Whatever the challenge, Jidariyya, Zaubi’s production of this epic, which he originally began working on in London during a spell away from his home theatre in Ramallah, has toured to date with distinction. ‘It’s weird for me because this show was in no way made for touring,’ he says ‘It happened because I read this unbelievable text that wouldn’t let go; it kept nudging me, going, “Hey, I’m here.” It had all the ingredients that were right for me at that moment, and culturally they were right for us. It wasn’t meant to be a show for European audiences. It’s a show for Palestinians by Palestinians. The things that occur in the show, the images, are very culturally linked. In a way that makes it interesting for foreigners to see: it’s like eavesdropping on something quite different.
He continues: ‘I was nervous about taking it away at first, but everywhere it has shown has given it a very positive reaction. I suppose that’s because it’s got a very human issue at the centre: everyone can relate to a man fearing his death and calculating his life.’
Beyond this universal idea, there are undoubted political themes to the work. The reflections of a dying man upon the land from which he has been exiled inescapably become political. For Zaubi, it’s a question of raising the issues confronting the Palestinian people, but also humanising the story. ‘As a director I keep trying to find the right balance. It was important to us to make a show that was very political, but not political in a flat way,’ he says. ‘A dying man, struggling for life – the equation is already there with Palestine, with our struggle for life, without us needing to amplify it. This is a window into the richness of our culture, and that’s a collateral gain that we get from showing it. It’s saying we’re not just about checkpoints and Israeli soldiers aiming weapons at us, we are people with a very long history, very thick in textures and colours, and this is an opportunity to meet us on that level, as well as the politics.’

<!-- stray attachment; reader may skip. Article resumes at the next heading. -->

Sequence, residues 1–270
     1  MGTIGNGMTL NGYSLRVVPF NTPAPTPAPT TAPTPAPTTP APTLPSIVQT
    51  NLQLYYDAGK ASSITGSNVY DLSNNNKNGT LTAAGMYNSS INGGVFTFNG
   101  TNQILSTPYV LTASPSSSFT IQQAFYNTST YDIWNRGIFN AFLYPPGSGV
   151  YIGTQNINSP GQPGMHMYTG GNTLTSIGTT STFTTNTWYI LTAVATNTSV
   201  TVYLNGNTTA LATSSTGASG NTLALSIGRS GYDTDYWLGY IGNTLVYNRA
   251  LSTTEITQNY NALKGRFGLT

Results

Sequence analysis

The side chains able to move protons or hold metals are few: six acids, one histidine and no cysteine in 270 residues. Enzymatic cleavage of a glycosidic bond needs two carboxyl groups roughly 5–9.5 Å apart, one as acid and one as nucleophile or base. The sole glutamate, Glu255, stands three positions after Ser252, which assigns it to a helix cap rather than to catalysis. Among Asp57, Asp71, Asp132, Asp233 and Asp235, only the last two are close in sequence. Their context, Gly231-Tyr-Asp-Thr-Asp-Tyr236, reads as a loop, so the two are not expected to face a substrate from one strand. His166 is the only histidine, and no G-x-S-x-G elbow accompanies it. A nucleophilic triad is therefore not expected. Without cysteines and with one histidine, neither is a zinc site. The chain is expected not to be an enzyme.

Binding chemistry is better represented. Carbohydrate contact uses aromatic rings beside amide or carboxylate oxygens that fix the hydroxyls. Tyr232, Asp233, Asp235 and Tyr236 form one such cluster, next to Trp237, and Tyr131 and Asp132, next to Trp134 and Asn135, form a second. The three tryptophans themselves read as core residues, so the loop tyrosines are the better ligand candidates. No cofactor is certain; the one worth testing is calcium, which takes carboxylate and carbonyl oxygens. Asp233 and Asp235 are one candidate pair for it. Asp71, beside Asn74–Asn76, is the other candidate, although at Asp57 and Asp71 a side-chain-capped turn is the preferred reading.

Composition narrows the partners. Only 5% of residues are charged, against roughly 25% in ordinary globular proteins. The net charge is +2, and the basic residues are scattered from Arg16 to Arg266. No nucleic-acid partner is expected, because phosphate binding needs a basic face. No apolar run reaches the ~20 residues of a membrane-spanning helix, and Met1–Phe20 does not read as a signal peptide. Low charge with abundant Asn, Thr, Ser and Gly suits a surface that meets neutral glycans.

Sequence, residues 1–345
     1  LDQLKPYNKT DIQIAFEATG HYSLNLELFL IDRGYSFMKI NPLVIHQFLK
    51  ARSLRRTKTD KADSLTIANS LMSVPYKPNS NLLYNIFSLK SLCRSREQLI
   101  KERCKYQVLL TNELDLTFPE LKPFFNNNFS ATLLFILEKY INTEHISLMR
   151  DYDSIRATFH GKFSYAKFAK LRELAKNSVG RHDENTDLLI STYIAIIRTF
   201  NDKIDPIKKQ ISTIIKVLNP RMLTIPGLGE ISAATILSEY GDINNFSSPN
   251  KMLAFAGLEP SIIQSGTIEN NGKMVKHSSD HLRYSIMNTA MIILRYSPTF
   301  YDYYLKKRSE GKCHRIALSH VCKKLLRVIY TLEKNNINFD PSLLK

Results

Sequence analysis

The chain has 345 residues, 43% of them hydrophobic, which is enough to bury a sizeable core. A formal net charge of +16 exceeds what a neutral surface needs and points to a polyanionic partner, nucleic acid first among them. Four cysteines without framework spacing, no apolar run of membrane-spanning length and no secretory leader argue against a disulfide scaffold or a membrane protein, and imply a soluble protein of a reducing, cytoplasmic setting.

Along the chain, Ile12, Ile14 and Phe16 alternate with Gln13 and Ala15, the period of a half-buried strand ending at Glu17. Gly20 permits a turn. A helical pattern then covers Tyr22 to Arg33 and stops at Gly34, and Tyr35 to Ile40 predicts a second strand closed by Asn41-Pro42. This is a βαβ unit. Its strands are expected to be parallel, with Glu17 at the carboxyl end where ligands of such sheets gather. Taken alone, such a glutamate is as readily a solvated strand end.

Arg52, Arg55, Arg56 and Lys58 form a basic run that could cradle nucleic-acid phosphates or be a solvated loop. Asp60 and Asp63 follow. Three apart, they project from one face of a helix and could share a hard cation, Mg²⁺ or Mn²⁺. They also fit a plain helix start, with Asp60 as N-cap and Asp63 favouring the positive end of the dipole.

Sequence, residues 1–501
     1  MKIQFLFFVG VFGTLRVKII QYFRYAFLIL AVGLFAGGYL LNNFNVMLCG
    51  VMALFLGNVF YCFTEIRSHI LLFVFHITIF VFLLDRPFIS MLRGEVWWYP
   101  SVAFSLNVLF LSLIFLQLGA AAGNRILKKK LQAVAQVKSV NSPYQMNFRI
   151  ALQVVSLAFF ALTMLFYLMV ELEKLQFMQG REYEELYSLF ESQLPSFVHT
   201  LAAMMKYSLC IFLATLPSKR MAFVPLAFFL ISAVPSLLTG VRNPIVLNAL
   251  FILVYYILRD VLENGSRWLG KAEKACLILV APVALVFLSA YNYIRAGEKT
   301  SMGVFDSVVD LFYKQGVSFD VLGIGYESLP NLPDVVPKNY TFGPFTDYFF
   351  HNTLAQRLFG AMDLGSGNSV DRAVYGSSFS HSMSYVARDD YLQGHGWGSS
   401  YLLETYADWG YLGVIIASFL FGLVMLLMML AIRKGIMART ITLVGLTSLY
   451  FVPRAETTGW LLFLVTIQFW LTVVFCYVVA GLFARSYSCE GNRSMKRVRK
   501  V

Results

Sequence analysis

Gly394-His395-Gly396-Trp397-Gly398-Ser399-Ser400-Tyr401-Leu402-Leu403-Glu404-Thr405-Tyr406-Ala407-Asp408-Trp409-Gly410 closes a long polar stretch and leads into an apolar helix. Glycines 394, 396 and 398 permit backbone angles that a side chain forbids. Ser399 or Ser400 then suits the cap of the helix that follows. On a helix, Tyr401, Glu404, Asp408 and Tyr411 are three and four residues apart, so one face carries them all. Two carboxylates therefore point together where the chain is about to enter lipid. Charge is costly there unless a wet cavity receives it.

Full as it is with images of prophets, goddesses and a paradoxical sprinkling of the everyday, Jidariyya speaks, Zaubi emphasises, in the rich language of the Qur’an. But religion isn’t a requirement of understanding the piece, for it’s about the land itself.
‘Islam and Christianity always co-existed, so did Judaism until the Zionistic movement,’ says Zaubi. ‘Judaism was always part of the culture, it only becomes an issue because of the world situation. I can’t say this poet is a Muslim or a Christian – he’s both. At the end of the show there’s that quote: “All rivers flow to the sea and the sea is never full.” It’s from the Old Testament; this poem is about all the religions and cultures of the region. They are all here, they walk between us, you meet them in the bus station any day, you can sit between them. This country is a meeting point for it all. It doesn’t matter if you’re religious or a complete infidel like me, because culturally it’s all here, you can’t ignore it. This is the country where it all happened.’
Jidariyya, Royal Lyceum Theatre, 473 2000, 14–17 Aug, 8pm, £10–£25.